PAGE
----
Rick Alleva is a field specialist at the University of New Hampshire and co-author of a curriculum called “Courage to Care,” which promotes empathy for middle schoolers. He has been researching and promoting positive youth development and the use of mindful learning as well as social and emotional learning (SEML) for many years.
After graduating from Tufts University with a degree in psychology, he traveled cross-country, coming across many teenage runaways. That later heightened his interest in helping at-risk children in particular.
His first job with youth was in 1976 when angel dust, or PCP, was in its heyday. “We worked with a lot of kids who were challenged by their experience and the criminality connected to the whole epidemic back then,” Alleva said. “That’s how I cut my teeth” in the field. Youth Today’s Melody McLaurin asked him a series of questions about his work. His answers have been lightly edited.
Q: After working in this field for so long, you’ve seen trends come and go. What’s one trend you’d want to see return?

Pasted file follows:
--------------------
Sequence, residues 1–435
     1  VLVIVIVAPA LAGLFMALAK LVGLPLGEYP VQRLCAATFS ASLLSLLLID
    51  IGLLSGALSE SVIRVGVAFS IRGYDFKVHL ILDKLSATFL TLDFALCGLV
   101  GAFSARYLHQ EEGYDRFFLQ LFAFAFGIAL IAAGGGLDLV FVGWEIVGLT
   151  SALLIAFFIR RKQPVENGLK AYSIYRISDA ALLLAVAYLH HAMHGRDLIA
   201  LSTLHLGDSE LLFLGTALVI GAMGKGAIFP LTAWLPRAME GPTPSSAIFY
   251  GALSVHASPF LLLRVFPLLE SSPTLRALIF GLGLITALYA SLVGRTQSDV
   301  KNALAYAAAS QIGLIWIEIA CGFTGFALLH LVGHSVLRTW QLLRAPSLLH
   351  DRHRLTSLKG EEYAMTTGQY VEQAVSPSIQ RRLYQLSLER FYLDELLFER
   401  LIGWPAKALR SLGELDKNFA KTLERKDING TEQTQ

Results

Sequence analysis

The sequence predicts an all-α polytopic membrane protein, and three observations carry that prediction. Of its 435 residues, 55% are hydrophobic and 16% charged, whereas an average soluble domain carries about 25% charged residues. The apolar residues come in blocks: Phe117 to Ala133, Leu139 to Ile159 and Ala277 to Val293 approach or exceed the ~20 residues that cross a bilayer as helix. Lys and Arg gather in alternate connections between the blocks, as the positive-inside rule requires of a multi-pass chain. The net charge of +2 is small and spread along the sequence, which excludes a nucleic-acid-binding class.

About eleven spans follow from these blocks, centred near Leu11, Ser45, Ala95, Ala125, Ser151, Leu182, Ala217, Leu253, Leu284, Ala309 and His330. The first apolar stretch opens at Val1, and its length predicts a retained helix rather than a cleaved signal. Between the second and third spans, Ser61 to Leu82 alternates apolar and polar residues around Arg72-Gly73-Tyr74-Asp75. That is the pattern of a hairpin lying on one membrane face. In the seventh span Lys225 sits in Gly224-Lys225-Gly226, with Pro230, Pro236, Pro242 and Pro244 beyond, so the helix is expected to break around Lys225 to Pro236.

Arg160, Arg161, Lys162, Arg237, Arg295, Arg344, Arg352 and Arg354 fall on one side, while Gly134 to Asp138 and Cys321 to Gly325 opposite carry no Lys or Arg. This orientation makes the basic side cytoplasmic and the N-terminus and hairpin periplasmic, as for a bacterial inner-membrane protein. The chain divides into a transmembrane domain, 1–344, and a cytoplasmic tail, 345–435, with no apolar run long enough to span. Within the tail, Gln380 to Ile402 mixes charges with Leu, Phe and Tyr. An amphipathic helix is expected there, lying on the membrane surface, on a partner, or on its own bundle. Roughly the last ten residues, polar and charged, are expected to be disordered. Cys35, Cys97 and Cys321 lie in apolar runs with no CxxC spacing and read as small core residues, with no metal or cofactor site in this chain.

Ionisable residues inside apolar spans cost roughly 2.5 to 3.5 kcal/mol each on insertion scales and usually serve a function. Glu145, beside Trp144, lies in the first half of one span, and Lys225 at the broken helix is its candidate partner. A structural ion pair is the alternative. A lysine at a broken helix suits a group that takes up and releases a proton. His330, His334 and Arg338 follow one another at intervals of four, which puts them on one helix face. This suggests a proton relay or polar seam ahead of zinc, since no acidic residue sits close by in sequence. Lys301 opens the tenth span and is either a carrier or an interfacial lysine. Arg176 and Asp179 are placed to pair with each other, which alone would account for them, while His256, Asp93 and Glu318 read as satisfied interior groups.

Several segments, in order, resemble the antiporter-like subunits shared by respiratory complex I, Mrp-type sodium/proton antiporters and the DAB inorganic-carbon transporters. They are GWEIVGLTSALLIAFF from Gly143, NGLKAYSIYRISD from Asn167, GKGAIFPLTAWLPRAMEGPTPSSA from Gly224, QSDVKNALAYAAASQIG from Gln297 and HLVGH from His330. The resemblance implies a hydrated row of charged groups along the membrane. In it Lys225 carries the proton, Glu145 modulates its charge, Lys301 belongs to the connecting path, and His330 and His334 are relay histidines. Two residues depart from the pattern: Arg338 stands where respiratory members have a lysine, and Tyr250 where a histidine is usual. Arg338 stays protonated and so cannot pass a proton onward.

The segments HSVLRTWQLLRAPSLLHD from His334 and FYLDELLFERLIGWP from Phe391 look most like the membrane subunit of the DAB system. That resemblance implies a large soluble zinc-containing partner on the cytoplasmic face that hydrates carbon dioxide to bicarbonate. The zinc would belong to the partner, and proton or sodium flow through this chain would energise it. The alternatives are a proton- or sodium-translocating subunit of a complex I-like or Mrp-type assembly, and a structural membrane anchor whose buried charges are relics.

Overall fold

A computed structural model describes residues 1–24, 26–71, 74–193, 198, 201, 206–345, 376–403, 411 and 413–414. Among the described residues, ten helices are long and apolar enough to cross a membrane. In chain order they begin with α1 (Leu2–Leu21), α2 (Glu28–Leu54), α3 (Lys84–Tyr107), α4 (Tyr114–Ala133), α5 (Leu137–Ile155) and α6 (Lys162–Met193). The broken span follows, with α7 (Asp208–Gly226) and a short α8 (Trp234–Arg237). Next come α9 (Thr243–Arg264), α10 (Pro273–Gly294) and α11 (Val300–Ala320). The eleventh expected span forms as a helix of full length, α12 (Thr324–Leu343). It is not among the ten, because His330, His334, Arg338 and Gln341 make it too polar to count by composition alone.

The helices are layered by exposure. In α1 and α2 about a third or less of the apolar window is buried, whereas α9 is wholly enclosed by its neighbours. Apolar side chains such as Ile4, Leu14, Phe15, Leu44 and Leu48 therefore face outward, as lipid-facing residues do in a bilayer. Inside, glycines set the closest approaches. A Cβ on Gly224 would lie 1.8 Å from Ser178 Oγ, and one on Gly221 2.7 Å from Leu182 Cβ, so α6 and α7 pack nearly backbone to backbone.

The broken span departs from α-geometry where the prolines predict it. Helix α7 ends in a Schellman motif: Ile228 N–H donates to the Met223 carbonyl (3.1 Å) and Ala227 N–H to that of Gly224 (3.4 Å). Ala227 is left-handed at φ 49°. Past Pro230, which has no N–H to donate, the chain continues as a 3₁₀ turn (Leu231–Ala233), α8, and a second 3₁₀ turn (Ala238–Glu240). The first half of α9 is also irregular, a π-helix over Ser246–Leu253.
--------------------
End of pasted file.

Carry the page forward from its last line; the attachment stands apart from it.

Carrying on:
A: The notion of youth empowerment. There’s an organization called Youth On Board that’s Boston based and does some work on the idea of youth being resources rather than just issues to address. I think that youth empowerment and adult partnership are strong themes that have survived to this day, but the movement hasn’t grown as you’d hope. I still believe that we aren’t across the board ready to engage kids truly as resources. When you look at the Youth Risk Behavior Survey, one of the most disturbing findings I see is the percentage of kids that feel like they’re not seen as resources in their community. Even in targeted youth programs, kids often feel like they’re the problems that adults are trying to address.
There are many exceptions, but this is not a new theme. I don’t think that we’ve gotten with the program to involve young people in the way they are capable of being involved and empowered to working with us in solving problems. These aren’t just youth problems; they are really social problems, social justice problems, equality problems and access to resource problems across the board. I don’t think that we’ve grown in terms of impact and involving young people as partners.